Beijing discourages uncouth behavior for Olympics
Updated: 2005-10-28 21:58
In addition to grand concrete venues for the 29th Olympic Games, Beijing is
busy with an immaterial project -- to trim its residents' behavior for the
The time left for possible improvement seems not enough, though there are
still more than two years before the event comes.
A recent survey report showed that booing and even using dirty words by
audiences to show their discontent with the performance of players is one of the
most irritating bad manners that tarnishes the image of the capital.
Beijing audiences are notorious for such impolite expressions of
disappointment and dissatisfaction at sports games.
Other bad habits listed in the report include spitting, littering, violation
of traffic regulations, and jostling passengers on buses.
City managers worry these uncivil behaviors will also bring shame to the
capital or even to the nation if exposed to foreigners in 2008.
The online survey sponsored by the Beijing municipal committee of the Chinese
People's Political Consultative Conference, the Beijing Morning Post and
Sina.com covered more than 10,000 respondents.
Worry of a lack of etiquette topped game organizers' major concerns after the
city was selected as the host of the Games in 2008 by the International Olympic
Committee in 2001.
Some critics warned that to refine residents' manner is more an imminent task
for the city than the construction of event venues.
When the World Snooker China Open was held in Beijing in March this year,
foreign competitors and judges were stunned not only by Chinese dark horse Ding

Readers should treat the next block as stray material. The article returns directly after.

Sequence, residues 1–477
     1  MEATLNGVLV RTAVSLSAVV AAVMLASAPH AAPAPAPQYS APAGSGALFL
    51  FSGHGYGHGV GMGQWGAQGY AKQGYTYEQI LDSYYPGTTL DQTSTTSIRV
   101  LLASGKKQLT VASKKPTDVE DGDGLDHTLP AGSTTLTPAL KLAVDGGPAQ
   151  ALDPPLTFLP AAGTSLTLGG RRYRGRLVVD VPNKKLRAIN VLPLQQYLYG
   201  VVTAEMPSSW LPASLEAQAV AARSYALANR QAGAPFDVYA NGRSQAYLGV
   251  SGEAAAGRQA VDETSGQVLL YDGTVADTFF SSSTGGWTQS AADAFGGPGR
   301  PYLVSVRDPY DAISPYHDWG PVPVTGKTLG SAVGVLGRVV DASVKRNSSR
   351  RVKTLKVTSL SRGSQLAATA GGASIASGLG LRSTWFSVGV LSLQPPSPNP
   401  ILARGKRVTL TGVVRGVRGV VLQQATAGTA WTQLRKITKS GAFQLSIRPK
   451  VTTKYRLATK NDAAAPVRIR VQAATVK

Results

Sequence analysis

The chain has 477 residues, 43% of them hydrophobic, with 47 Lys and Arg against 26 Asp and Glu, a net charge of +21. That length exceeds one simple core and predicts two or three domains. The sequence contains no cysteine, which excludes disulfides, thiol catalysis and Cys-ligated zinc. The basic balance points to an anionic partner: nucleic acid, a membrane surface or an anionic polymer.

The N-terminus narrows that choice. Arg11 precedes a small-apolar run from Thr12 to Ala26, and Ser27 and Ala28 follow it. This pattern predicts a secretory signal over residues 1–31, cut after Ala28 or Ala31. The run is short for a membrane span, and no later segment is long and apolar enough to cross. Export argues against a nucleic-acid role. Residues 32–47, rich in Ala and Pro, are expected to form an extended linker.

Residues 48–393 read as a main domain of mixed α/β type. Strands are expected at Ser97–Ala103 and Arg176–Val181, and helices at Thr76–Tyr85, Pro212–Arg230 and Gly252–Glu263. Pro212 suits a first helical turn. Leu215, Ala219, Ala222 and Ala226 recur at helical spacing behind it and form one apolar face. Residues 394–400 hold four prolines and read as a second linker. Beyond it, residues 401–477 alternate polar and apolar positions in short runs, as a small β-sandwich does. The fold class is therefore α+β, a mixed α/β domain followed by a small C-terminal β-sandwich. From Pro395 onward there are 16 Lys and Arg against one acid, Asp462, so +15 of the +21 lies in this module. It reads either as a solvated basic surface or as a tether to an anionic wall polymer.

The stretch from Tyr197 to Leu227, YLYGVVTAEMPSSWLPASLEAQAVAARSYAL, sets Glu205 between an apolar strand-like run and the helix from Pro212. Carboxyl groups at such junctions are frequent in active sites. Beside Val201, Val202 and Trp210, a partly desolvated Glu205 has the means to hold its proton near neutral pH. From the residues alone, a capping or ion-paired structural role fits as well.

Junhui's victory over Stephen Hendry but also by some of the audience who took
pictures with their flashlight on or talked loudly on their mobile phones.
Beijing mayor Wang Qishan once said that the most troublesome task for the
city in preparing for the Games is the improvement of its residents' manners.
"I really worry whether the audience will stand up when the national anthem
of another country is played, or whether Chinese athletes will be greeted with
applause if they lose a game," the mayor said.
The city made a three-year plan in the summer to promote among its residents
knowledge of the games and audience etiquette.
More than 200,000 pamphlets were printed to teach residents, who can also
find similar teachings in cartoons, short soap operas and other performances on
stage or on TV.
The education campaign has also expanded to occupational protocols and
Even the use of chopsticks, inherent in Chinese culture, has become part of
the education campaign. There is both art and taboo in the using of the
traditional Chinese table ware, but critics say today's youngsters know little
The city is also working on a research to find measures which can help
improve its residents' manners, said vice mayor Zhang Mao earlier this month.
Some local legislators and netizens proposed imposing severe punishments on
"But it is by no means a day's labor to get rid of all the bad habits of all
the residents who have them," said Jin Yuanpu, a professor of humanities at
Beijing-based People's University of China.
The professor said that Beijing should take the chance of hosting the Olympic
Games to demonstrate the shining part of the tradition of China as a nation with
a long history.
The occasion, however, is no panacea, said Jin. "It will be a long process
for the people to pick up the civility that the ancient nation once boasted."